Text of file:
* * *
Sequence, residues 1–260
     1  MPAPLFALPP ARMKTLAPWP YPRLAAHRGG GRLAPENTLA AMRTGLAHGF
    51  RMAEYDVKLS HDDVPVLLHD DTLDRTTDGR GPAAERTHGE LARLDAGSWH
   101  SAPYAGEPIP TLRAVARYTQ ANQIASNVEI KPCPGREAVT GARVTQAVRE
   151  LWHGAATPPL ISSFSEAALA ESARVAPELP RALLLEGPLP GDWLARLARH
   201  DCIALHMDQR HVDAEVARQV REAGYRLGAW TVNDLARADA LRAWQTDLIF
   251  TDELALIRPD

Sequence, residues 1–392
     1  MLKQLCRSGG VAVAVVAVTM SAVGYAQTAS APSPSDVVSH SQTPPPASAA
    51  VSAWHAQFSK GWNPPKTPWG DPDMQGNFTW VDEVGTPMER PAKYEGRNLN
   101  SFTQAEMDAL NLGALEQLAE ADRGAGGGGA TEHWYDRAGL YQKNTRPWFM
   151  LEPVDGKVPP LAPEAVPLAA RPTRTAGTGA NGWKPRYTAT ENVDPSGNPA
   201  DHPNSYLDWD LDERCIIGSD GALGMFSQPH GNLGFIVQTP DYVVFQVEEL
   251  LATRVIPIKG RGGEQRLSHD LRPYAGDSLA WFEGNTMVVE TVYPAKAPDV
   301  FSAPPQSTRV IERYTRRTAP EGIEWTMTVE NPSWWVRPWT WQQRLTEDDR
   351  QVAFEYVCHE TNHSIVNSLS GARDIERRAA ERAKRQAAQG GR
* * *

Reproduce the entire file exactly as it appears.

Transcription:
Sequence, residues 1–260
     1  MPAPLFALPP ARMKTLAPWP YPRLAAHRGG GRLAPENTLA AMRTGLAHGF
    51  RMAEYDVKLS HDDVPVLLHD DTLDRTTDGR GPAAERTHGE LARLDAGSWH
   101  SAPYAGEPIP TLRAVARYTQ ANQIASNVEI KPCPGREAVT GARVTQAVRE
   151  LWHGAATPPL ISSFSEAALA ESARVAPELP RALLLEGPLP GDWLARLARH
   201  DCIALHMDQR HVDAEVARQV REAGYRLGAW TVNDLARADA LRAWQTDLIF
   251  TDELALIRPD

Sequence, residues 1–392
     1  MLKQLCRSGG VAVAVVAVTM SAVGYAQTAS APSPSDVVSH SQTPPPASAA
    51  VSAWHAQFSK GWNPPKTPWG DPDMQGNFTW VDEVGTPMER PAKYEGRNLN
   101  SFTQAEMDAL NLGALEQLAE ADRGAGGGGA TEHWYDRAGL YQKNTRPWFM
   151  LEPVDGKVPP LAPEAVPLAA RPTRTAGTGA NGWKPRYTAT ENVDPSGNPA
   201  DHPNSYLDWD LDERCIIGSD GALGMFSQPH GNLGFIVQTP DYVVFQVEEL
   251  LATRVIPIKG RGGEQRLSHD LRPYAGDSLA WFEGNTMVVE TVYPAKAPDV
   301  FSAPPQSTRV IERYTRRTAP EGIEWTMTVE NPSWWVRPWT WQQRLTEDDR
   351  QVAFEYVCHE TNHSIVNSLS GARDIERRAA ERAKRQAAQG GR